Without realizing it, Sherri had cast her marriage in the same mold as she had her parents – seeing one person as the repository of all that is good, and the other as the embodiment of all that is bad. No matter what issues we discussed, her inevitable refrain was that Walt had to “fix himself” before they could hope to have a successful marriage. Until Sherri becomes comfortable with the untidiness of human reality – that all fo us have both good and bad qualities, bot that all fo us are unique and valuable just the same – she will be imprisoned by her distorted view of life.


Sunday, March 8, 2009

So Easy to Blame





Christians weighing in on Botkin Syndrome:
Excerpts from
"Forgiving Our Parents, Forgiving Ourselves"
by Drs. Stoop and Masteller.





From pages 246 - 250:


Sometimes we blame others as cover-up for fear, fear of punishment, embarrassment, responsibility, and the like. Self-protection is a strong drive in all of us.

At the most basic level, our tendency to blame others probably stems from our fundamental conviction that we ourselves are blameless. Isn’t that right? We might never come out and say it, but deep in our heart we know that we are just, honorable, and upright. When things go wrong, it must be someone else’s fault. Surely it couldn’t be ours ...

Face it: we want to blame. When we have been hurt – or think we have – something in us wants to place the blame somewhere (usually on someone else). But the more we blame, the farther we walk down the dangerous path of bitterness. The path never leads us to health and happiness, only to deeper distress...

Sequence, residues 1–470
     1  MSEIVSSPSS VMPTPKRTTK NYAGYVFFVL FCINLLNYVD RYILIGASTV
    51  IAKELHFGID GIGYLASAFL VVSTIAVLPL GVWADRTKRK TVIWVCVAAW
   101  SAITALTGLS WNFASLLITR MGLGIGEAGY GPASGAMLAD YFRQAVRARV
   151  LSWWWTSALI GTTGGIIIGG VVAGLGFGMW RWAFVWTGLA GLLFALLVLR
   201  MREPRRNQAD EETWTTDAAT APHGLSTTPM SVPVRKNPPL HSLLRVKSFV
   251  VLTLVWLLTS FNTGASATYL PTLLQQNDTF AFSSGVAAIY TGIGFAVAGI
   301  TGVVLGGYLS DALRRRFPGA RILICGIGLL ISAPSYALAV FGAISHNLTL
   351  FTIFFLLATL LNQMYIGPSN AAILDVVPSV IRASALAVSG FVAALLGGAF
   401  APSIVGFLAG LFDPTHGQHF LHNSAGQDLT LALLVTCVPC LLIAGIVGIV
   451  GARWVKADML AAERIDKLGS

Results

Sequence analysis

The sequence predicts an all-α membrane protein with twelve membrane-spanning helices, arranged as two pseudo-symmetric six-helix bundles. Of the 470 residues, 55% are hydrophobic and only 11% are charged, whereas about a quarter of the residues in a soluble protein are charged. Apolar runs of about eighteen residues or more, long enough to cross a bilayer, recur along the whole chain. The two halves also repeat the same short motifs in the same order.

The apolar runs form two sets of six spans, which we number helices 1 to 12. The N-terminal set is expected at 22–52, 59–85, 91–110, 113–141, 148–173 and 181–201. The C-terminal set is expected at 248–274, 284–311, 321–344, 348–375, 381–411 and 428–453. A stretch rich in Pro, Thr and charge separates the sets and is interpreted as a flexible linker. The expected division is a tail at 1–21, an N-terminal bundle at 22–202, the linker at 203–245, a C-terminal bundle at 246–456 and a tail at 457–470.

Do you see where this leads? Eventually we get all the way back to Eve – who, as we have seen, shirked her own responsibility as well. In other words, the blame game leads nowhere. All it does is prove that we are all flawed, imperfect people living in a flawed, imperfect world where “stuff happens.” So why bother playing it at all? Why not get off the path of bitterness and get on the path of forgiveness?


Excerpt from
Dr. David Stoop & Dr. James Masteller's
"Forgiving Our Parents, Forgiving Ourselves:
Healing Adult Children of Dysfunctional Families"
Regal/Gospel Light, 1996 (Servant, 1991)

Thursday, March 5, 2009

Blame Game




From Harriet Lerner in

“The Dance of Anger”:






This is the who-started-it game – the search for a beginning of a sequence, where the aim is to proclaim which person is to blame for the behavior of both.

But we know that this interaction is really a circular dance in which the behavior of one partner maintains and provokes the behavior of the other.

The circular dance has no beginning and no end. In the final analysis, it matters little who started it. The question of greater significance is: “How do we break out of it?”

(pg. 56).

Monday, March 2, 2009

Our Fallen Humanity and Family Dysfunction




Townsend, Cloud, Carder, and Brawand in



“Secrets of Your Family Tree”:







You may feel that your family of origin wasn’t dysfunctional since your father wasn’t and alcoholic....

The truth is, however, that due to the fallen nature of all parents (and children), all families are flawed and therefore dysfunctional to a certain degree.

Addictive and complusive behaviors (addicted to food, sex, work, and so on) are extremely common in even “the best of families,” and such behavior is almost always linked to some form of dysfunctional family background.

(pg. 15)